In this clip, Linda Fisher, Carolyn Dobson, and Hillary LewisLewis-Wolfsen discuss how they prioritized which problems to spend time on during the re-engagement lesson.
LINDA FISHER: Okay. Um. I was really interested when I was listening to you plan, because you talked about spending a lot of time on the first question, where kids were supposed to be thinking about 6/9ths and 2/3rds. You said something to the effect that even though this was really easy, you wanted kids to still spend a lot of time on it, and you had some really good logic for that. Can you tell us about why you thought it was important to spend time on this piece?
HILLARY LEWIS-WOLFSEN: Kids have been taught fractions and procedures, and how to deal with fractions. But they don’t always understand the parts of the fraction, and what the parts of the fraction, and how they relate to the diagram that we’re looking at.
CAROLYN DOBSON: It’s like the mathematics really comes out of real life. So here’s a real-life situation: where is the equivalent fraction in there? How can you look at it and see that these two fractions are really equivalent?
HILLARY LEWIS-WOLFSEN: Mmm hmm. (nodding)
LINDA FISHER: Okay. Good. So is there anything else that you just want to share about the lesson, or what you want us to observe for as we watch the lesson?
CAROLYN DOBSON: I think that the main thing is: do we see the kids really enjoying it? Are they excited about discussing the mathematics and the different ways of thinking?
HILLARY LEWIS-WOLFSEN: It’s a re-engagement. Are they engaged in an assessment that they’ve already done, and in their opinion, they’re done with it! Can we re-engage them in that?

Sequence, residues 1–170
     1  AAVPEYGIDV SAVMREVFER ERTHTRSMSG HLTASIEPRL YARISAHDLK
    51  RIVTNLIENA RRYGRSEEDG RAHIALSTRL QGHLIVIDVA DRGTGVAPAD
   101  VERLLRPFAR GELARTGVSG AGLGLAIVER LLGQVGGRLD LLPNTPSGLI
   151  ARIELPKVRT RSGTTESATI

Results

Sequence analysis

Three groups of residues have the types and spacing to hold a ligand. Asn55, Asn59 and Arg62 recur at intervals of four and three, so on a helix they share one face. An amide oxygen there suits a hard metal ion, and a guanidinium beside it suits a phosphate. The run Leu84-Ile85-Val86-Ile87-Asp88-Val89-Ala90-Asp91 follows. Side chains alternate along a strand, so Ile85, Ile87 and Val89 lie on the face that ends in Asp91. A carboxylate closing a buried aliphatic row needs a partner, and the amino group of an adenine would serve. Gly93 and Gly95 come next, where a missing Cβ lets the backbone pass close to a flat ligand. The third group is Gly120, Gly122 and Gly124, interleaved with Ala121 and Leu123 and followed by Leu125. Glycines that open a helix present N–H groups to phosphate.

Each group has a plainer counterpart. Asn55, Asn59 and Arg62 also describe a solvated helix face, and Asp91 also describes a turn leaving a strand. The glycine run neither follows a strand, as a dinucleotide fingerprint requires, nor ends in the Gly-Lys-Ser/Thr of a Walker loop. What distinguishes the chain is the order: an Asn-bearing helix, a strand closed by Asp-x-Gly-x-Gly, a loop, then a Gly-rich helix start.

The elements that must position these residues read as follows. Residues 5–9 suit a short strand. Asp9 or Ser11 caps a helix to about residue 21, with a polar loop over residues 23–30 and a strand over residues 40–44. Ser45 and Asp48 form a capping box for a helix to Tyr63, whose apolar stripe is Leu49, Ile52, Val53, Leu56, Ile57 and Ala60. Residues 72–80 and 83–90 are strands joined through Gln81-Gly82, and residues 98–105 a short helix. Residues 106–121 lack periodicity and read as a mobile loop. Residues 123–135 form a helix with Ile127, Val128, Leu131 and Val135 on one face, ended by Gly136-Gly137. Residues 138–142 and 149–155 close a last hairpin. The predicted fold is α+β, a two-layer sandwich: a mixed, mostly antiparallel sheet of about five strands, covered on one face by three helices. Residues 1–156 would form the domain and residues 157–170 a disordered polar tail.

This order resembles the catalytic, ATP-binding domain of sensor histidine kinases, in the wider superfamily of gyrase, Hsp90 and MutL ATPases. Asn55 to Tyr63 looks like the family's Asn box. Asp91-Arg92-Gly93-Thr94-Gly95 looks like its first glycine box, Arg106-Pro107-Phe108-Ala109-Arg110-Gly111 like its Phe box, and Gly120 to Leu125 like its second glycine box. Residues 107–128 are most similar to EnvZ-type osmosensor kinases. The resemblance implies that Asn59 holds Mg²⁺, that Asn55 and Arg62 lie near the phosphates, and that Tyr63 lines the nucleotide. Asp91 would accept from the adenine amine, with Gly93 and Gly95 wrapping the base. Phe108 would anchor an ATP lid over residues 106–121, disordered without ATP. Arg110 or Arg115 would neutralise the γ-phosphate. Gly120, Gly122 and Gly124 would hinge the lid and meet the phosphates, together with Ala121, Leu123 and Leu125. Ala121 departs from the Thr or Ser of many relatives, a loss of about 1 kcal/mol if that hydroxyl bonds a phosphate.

LINDA FISHER: And then I think it was something about—you know, we have different levels of learners. So will some of the students who didn’t do well learn some new strategies, but also, will students who maybe got the correct answers maybe get some new insights into what they’re looking at?
CAROLYN DOBSON: Exactly.
HILLARY LEWIS-WOLFSEN: yes.
LINDA FISHER: We were working to identify the "story of the task" related to this candies assessment, and that drives our selection of particular student responses.
The story of the task relates to—what is the story that relates to you, that you want to get across to the kids. Kids need to have discussions and opportunities to put numbers on diagrams for themselves, rather than just being given numbers. The cognitive demand is for them to be working on the mathematical task. With some other problems, the story of the task is—most people couldn’t do it, but what strategies were successful for the few? It's so worthwhile, if you think in-depth on one problem, it starts to affect moment-to-moment thinking on other things in the classroom. It develops a lens that starts to become automatic in other things that you do.